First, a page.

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the road to butry

road to butryI wake up to blue skies. At least in the literal sense. Like the birds, I’m atwitter.

I said I was going to walk to Pontoise on the first sunny day, but something pulls me in the opposite direction.

This is actually a test to see how far a city girl like me can walk without the stimuli of millions of things to covet in store windows.

I can barely make it a store-free block without extreme boredom in Manhattan, so I fear that the all the natural beauty (not available for purchase) will be less than I can bear.

I prepare with a good, hearty breakfast, which for me is coffee and yogurt. I get dressed, making sure to wear something mildly becoming in case some handsome, age appropriate vintner happens to be strolling as well. By 10:30AM, I’m off.

I practice French as I walk…mostly the r rolling thing, as I’ve decided that’s the key. I mutter to myself “ Merchkkkci…merchkkkci. Bonjourchkk….Bonjourchkkk. S’il vous plait, ou se trouve un slurpee?”

Once I exit the outskirts of Auvers, I start to panic. How will I get back? What if I can’t get back and collapse of dehydration? It’s very sunny. I better go back to the house to prevent skin cancer. I will die if I don’t turn back now. I have had similar sensations leaving the island of Manhattan for Queens. But that was Queens, for godsake. This is somewhere between Auvers and Butry Sur Oise.

ivy house

Bravely I continue into unfamiliar territory. It looks sort of like Auvers, but it’s not. I see nothing familiar. Sure, there are trees, flowers, cute old shuttered houses, hills, but they aren’t the same trees or flowers or houses or hills. I didn’t even bring any ID if I get hit by a truck. But as I keep walking I get lulled by the ever chirping birds. And the smell of flowers in the air. Everyone’s garden is blooming and every house has its own perfume. I’m starting to feel pretty good. But isn’t that how lost hikers feel right before they die?

A church bell chimes 11 times. Jeez, it feels like lunchtime, at least.

I continue practicing French as I continue onward.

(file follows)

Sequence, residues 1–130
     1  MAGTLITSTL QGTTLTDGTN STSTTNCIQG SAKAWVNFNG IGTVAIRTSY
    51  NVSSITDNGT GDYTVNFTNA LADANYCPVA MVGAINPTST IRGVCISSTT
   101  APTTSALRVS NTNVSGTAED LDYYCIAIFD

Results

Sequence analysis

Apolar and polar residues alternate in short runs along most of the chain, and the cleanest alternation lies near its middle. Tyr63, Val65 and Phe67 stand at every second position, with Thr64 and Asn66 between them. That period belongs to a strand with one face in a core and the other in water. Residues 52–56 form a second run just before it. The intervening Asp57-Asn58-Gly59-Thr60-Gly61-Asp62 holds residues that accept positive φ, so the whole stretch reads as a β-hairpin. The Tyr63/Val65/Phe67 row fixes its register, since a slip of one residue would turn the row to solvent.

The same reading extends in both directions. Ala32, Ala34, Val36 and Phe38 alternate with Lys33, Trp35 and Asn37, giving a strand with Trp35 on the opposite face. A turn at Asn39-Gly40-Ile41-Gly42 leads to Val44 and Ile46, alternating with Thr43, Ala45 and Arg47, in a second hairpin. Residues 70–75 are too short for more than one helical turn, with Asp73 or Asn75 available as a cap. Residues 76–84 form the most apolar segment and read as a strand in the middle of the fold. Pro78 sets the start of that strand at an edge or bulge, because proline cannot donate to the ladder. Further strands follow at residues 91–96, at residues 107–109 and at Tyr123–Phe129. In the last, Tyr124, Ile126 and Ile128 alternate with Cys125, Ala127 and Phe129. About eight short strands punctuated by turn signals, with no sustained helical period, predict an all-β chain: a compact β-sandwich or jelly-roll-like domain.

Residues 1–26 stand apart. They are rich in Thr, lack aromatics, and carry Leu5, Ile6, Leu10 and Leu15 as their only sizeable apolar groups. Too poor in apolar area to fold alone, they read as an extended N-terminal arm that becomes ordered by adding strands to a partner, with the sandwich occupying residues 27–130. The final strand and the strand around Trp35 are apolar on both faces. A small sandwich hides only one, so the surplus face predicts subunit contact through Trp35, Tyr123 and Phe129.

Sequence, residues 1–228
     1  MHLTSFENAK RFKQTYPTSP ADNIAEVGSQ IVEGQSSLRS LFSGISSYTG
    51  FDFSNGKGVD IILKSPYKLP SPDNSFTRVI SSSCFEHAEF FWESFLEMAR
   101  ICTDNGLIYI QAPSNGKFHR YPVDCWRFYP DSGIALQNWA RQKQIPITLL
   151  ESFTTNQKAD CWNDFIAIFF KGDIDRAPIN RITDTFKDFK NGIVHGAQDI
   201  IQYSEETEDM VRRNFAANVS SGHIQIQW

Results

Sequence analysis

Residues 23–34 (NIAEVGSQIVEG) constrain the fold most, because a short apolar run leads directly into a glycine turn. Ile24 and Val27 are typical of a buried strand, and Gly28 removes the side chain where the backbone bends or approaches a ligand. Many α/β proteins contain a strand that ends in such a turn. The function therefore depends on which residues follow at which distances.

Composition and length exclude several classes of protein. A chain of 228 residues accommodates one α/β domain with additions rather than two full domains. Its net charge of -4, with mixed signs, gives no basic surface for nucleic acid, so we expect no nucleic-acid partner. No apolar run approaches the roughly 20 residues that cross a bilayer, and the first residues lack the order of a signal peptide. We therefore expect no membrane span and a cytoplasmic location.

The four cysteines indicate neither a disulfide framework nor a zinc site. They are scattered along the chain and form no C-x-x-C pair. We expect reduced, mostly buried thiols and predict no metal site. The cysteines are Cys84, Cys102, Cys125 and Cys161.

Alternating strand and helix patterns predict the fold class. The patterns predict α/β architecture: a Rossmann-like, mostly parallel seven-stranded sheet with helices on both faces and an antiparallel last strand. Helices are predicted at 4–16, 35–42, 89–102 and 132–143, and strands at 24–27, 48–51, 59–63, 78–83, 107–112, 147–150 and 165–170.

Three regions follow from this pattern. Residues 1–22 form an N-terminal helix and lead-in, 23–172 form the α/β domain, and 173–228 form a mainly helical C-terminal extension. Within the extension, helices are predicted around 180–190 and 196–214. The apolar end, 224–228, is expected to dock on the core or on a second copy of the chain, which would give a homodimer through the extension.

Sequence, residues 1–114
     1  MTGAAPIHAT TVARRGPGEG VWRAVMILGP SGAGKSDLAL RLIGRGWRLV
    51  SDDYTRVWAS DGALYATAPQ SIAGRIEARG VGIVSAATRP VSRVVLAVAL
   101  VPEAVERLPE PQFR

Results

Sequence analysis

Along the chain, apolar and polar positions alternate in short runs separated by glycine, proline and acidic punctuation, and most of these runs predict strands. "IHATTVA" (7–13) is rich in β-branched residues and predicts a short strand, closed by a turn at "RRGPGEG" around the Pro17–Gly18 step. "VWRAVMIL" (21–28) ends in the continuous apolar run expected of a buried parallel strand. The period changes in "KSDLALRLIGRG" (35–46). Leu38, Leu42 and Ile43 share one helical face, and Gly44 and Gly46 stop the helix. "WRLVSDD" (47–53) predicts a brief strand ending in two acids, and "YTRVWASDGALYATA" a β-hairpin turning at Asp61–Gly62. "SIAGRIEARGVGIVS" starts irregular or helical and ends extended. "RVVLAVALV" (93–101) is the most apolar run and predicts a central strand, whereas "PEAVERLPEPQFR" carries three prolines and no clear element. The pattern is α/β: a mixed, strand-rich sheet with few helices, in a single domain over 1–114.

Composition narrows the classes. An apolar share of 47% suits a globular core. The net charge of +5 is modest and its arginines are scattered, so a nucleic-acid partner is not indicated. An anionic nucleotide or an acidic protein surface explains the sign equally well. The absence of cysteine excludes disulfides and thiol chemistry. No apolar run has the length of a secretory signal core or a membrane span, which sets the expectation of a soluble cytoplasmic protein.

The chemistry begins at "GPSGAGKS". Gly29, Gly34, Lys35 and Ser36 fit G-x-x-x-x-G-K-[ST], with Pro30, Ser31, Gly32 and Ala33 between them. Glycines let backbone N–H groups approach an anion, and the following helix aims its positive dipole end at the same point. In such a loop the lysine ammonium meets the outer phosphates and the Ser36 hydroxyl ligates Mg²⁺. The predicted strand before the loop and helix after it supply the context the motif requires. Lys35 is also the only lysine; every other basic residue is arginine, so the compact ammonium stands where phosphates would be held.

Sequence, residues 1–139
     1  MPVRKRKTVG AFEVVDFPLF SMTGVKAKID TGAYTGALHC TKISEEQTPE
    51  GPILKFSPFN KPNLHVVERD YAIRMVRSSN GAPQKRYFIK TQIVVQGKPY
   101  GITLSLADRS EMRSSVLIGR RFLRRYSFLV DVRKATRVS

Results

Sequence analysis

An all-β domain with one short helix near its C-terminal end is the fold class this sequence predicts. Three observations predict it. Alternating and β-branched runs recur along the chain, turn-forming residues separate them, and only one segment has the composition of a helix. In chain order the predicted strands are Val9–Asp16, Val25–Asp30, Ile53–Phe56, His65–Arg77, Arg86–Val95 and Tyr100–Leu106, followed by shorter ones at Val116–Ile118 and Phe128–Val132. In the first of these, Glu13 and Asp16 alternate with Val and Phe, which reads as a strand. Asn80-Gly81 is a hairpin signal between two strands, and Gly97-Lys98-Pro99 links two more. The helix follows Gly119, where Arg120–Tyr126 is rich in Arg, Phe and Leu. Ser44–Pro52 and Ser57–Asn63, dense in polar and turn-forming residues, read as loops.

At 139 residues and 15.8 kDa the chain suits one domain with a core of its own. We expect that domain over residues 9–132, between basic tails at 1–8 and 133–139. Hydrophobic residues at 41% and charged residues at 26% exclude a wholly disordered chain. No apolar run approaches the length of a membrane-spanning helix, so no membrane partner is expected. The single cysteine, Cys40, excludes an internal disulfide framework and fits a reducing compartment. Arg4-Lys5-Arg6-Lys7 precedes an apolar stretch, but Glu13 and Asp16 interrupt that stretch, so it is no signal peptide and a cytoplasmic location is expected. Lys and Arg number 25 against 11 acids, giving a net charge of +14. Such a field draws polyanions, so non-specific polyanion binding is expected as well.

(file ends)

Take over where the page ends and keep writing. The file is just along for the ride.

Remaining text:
Bonjourchkkk. Aidez moi s’il vous plait, monsieurchkkk. J’habille en Auvers. Prennez moi ca s’il vous plait. Je suis…lost. J’ai soif. Merchkkkci.

I keep telling myself to turn back, but I trudge onward as I’m sure there’s some lovely boutique just around the next bend.

No boutiques, just more stone houses, beautiful gardens, greenery and a million perfumes. Man, they should bottle these scents. And sell them at the boutique that’s got to be around the next corner.

I’ll tell you why the French are slimmer than Americans—they have to be. Their roads and sidewalks are so narrow, a mere 10 pounds overweight could render one immobile. I’m thin and still find myself walking sideways a lot, my back hunched up against a hedge or fence.

I smile at each passing bike rider in case they’re cute, while chanting my mantra to myself: Bonjourchkkk. Aidez moi s’il vous plait, monsieurchkkk. J’habille en Auvers. Prennez moi ca s’il vous plait. Je suis…lost. J’ai soif. Merchkkkci.

I’m now in the center of town. It’s so cute I can’t stand it. Tiny old stone buildings with brightly colored shutters on a narrow stone road that winds through. But there’s not one little store or restaurant open. And I am weak and faint from thirst and famine. The church bell strikes noon. I must flee back to Auvers. I must buy a quiche…or something.

I think next time I go wandering, I’ll check out L’Isle Adam, a town or two further. It’s supposed to be a lovely old town with a great beach…on a river. And little stores. This I have to see.

But maybe next time, I’ll take the train.

3 Responses

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